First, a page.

For me its balmy airs are always blowing, its summer seas flashing in the sun; the pulsing of its surfbeat is in my ear; I can see its garlanded crags, its leaping cascades, its plumy palms drowsing by the shore, its remote summits floating like islands above the cloud wrack; I can feel the spirit of its woodland solitudes, I can hear the plash of its brooks; in my nostrils still lives the breath of flowers that perished twenty years ago.
(Photo of Oahu, Hawaii shoreline).

Ode to Jamaican food

In haiku form

Rice and peas beckon,
Why was Mr. Jerk so darn
elusive? Not fair.

I'll be back, I swear.
Meantime, I dream of yams and
ackee and saltfish

With fried/steamed dumplings
and green bananas. (Drool drool)
Oxtail, callaloo...

You're just too yummy.
Bammy, get in my belly!
Mackerel run down,

You make me weep tears
of foodie joy. Curry goat
is food for the gods.

Brown fish stew, I yearn
for you. Bags of pepper shrimp,
a joyful vision.

Oh, jerk chicken! Oh,
coco bread with beef patty!
I wash it all down

With fresh ginger beer.
A sorrel drink thrown back too.
And then, life is good.

(Image from Lucinda's Authentic Jamaican Kitchen, thanks Shelly!, via Amazon).

Thursday, June 24, 2010

Blue lagoon

Just a peaceful moment to end the day.

(Photographed Christmas 2009 on Oahu, Hawaii).

The resident surgeon

Continuing the "They did it!" theme, my sister officially survived her first night on call at the hospital, as a surgery resident!

(Image via Health Education & Learning).

Yoga world record!

My brother & sister-in-law joined 10,000 yogis in Central Park yesterday, setting a new world record for largest yoga gathering!

(Image via Daily Mail).

Lilikoi (Passion Fruit) Iced Tea

In the spirit of summer, a refreshing iced tea! Made with yummy lilikoi (passion fruit) & served at the beautiful Ihilani Resort.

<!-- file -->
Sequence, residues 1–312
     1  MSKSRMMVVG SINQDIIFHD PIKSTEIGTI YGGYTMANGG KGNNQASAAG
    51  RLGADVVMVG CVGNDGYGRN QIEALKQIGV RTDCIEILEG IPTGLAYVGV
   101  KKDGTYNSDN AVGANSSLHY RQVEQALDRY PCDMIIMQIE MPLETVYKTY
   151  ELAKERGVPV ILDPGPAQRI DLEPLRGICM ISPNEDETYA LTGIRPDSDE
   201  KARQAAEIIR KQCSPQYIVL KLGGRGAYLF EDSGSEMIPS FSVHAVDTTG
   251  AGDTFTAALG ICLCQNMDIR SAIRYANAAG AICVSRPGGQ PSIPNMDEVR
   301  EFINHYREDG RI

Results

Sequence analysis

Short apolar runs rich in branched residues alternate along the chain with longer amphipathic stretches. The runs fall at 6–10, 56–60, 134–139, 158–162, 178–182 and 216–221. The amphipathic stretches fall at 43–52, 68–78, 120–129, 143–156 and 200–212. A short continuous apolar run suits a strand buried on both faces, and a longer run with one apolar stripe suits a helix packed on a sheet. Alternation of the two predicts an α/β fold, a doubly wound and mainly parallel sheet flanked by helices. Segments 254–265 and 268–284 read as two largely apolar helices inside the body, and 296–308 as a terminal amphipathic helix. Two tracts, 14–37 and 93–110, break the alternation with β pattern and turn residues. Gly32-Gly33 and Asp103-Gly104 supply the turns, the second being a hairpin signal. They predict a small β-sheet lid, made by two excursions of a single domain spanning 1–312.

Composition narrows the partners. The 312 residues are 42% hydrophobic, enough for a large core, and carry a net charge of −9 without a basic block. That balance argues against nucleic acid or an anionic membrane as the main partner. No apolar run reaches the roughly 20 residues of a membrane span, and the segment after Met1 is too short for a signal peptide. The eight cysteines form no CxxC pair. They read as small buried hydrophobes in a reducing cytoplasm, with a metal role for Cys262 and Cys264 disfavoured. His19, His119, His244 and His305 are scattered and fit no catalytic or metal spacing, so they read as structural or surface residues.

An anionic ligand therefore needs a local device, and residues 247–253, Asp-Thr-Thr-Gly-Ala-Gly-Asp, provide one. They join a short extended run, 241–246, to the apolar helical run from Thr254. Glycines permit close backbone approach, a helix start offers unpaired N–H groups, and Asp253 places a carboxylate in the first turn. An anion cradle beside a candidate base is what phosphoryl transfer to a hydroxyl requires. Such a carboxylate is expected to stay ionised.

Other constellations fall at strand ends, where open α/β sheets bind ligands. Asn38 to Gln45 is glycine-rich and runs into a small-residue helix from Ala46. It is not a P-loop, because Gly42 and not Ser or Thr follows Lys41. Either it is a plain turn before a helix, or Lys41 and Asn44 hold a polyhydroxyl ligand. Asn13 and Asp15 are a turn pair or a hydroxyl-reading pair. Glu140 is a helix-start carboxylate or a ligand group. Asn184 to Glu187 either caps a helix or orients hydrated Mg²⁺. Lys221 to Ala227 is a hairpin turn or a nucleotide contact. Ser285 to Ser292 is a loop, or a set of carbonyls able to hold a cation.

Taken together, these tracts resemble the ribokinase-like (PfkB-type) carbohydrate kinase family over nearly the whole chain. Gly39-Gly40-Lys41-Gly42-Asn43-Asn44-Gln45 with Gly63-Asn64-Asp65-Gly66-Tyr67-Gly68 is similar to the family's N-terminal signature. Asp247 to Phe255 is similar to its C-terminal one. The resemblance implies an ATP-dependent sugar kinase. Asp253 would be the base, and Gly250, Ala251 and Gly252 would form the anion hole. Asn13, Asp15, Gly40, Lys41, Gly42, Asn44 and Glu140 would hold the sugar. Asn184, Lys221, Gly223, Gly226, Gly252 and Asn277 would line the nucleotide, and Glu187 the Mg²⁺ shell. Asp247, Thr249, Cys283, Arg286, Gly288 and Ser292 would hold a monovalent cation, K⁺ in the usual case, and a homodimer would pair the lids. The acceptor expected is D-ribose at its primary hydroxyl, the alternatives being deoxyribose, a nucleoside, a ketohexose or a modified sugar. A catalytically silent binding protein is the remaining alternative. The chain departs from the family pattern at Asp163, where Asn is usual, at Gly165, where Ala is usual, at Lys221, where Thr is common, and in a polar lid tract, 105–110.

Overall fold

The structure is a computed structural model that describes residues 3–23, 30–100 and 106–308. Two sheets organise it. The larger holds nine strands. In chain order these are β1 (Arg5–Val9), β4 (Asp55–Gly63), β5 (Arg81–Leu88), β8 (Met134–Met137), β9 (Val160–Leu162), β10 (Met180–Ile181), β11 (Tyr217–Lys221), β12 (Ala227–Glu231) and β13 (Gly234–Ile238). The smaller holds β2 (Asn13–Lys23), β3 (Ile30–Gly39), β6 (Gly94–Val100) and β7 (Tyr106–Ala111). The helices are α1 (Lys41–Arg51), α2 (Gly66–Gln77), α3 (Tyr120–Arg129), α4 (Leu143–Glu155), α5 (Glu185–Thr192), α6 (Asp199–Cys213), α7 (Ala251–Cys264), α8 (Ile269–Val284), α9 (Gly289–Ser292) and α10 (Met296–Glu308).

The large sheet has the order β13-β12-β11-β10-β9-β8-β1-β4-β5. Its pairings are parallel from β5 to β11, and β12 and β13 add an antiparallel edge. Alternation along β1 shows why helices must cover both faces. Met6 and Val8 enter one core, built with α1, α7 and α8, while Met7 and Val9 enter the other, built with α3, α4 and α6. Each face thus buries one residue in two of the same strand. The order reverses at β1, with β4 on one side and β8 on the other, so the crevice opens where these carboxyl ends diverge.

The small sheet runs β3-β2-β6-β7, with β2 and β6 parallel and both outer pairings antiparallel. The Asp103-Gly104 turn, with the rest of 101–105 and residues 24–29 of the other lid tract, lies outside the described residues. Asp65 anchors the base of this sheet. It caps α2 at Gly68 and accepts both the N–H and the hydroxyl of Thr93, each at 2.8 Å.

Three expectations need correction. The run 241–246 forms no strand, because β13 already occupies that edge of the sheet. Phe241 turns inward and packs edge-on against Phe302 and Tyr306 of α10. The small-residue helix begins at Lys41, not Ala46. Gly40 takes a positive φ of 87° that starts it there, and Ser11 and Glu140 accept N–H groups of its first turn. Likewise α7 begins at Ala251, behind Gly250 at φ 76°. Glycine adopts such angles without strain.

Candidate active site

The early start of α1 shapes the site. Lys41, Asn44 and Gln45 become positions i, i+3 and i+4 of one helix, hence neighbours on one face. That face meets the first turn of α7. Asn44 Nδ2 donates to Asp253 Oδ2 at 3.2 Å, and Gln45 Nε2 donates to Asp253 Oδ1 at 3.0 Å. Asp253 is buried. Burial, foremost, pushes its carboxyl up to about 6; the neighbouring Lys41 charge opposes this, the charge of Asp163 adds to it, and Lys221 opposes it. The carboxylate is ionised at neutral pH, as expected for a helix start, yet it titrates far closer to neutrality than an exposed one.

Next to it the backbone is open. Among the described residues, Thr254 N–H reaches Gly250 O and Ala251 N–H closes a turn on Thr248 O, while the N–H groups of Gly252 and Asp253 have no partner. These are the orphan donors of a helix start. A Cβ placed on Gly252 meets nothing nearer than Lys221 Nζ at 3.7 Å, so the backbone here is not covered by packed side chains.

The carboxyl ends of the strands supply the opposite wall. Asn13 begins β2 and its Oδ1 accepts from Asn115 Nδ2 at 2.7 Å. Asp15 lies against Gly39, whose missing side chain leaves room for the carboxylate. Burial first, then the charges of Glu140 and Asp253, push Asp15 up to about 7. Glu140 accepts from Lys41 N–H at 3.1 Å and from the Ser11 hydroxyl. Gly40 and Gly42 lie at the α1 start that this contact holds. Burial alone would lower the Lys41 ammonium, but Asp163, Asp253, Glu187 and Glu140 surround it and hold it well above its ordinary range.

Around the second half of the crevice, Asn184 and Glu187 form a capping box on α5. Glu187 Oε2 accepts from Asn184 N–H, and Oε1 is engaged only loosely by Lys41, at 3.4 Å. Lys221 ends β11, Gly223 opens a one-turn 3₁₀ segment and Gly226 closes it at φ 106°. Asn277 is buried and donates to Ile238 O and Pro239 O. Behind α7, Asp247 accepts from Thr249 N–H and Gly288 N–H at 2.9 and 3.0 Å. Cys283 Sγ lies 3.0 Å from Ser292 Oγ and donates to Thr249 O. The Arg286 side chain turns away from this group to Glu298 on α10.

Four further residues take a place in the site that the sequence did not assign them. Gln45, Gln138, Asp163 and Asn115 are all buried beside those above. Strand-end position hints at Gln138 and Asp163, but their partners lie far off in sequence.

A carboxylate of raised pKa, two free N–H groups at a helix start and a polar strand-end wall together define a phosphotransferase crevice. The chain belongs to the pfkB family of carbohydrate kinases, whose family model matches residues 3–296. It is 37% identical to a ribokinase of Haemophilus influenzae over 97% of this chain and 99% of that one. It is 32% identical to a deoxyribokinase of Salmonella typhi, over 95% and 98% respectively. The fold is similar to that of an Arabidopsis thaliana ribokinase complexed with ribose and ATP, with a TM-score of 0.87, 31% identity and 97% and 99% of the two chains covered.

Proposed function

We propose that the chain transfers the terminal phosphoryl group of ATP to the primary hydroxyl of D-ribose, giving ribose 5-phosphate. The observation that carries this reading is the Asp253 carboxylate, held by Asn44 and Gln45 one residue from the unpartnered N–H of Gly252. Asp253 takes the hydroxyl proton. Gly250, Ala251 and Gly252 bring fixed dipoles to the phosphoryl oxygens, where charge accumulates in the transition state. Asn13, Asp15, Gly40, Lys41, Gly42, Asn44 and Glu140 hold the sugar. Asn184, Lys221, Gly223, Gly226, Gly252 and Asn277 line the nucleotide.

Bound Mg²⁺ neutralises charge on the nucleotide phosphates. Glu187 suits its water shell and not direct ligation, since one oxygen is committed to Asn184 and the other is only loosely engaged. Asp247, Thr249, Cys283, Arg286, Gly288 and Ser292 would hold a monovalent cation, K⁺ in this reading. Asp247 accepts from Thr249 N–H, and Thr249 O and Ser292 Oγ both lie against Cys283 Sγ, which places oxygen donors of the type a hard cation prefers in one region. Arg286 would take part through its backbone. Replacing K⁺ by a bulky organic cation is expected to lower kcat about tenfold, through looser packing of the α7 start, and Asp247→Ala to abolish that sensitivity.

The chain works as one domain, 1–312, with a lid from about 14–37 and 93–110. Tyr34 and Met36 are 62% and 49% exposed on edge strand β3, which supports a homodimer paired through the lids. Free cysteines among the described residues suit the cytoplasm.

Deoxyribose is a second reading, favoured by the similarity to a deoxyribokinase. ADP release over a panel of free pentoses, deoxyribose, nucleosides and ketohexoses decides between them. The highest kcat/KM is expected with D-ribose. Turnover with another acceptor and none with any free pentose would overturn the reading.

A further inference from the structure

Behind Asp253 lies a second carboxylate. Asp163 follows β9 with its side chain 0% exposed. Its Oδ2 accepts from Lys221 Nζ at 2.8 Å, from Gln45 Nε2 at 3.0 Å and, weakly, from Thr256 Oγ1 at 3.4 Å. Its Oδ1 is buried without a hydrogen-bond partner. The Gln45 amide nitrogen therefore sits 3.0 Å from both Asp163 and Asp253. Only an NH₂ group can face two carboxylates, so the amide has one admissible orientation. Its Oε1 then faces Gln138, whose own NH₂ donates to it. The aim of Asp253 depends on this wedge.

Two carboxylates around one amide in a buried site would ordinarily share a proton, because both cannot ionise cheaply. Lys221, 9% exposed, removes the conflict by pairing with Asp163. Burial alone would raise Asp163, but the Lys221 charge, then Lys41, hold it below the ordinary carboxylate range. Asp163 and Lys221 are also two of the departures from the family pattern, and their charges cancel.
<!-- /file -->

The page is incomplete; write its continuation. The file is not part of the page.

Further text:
Note: Passion fruit juice concentrate is found in Latino markets

6 Orange Pekoe teabags
6-1/4 cups water
1 cup cranberry juice cocktail
2/3 cup frozen lilikoi (passion fruit) juice concentrate, thawed
1/2 cup honey
Optional: thinly-sliced lemon rounds

Bring water just to boil and steep teabags for 3 minutes, in heat-proof container. Remove teabags & let tea chill in the refrigerator at least 2-3 hours. Then add remaining ingredients, stir well & serve, with or without ice. Optional: Garnish with lemon.

Recipe adapted years ago from now-defunct Gourmet magazine.

(Photo of passion fruit, Hawaii. Image of tea via Recipezaar).

Wednesday, June 23, 2010

County Hall, London

Living in County Hall, a sprawling apartment complex by the London Eye, it's hard not to imagine the political intrigue that might've occurred where you now take out garbage or get mail. The place was once headquarters for local London government, then they opposed Thatcher & she abolished them, just like that.

(Image via About.com).

Tuesday, June 22, 2010

Smoky mountains

Pretty, misty morning. This photo was taken from the Pali cliffs - lovely views, but site of an epic bloody battle in old Hawaii, where warriors plunged to death over the cliffs.

(Photo of Koolau mountain range, Oahu, Hawaii).

Hawaii and England

Because of dating a Brit, I'm seeing more England in Hawaii & vice versa. For one, Englishman Captain Cook was the first European to visit Hawaii...

The Hawaii state flag features the British Union Jack!

Both are isles (one's warmer).

Hawaiian rainforest

English garden

Both are wet, rainy places where stuff grows everywhere.

Hawaii's anthem was once, briefly, "God Save the Queen."

And touchingly, Peter Scott (co-founder of the World Wildlife Fund, son of polar explorer Robert Scott) led efforts in 1950s England to save the Nene - the endemic & official Hawaii state bird - from extinction. Today, Nene still live on UK sanctuaries.

(Photo of Hawaiian rainforest taken at Manoa Falls. Image of Captain Cook painting via J. Russell Jinishian, Hawaii flag via Wikipedia Commons, Hawaii map via Kevin Van Aelst, British map via Hipkiss, English gardens via Flickr, Queen Victoria via Wikipedia & Nene via PhotoForum).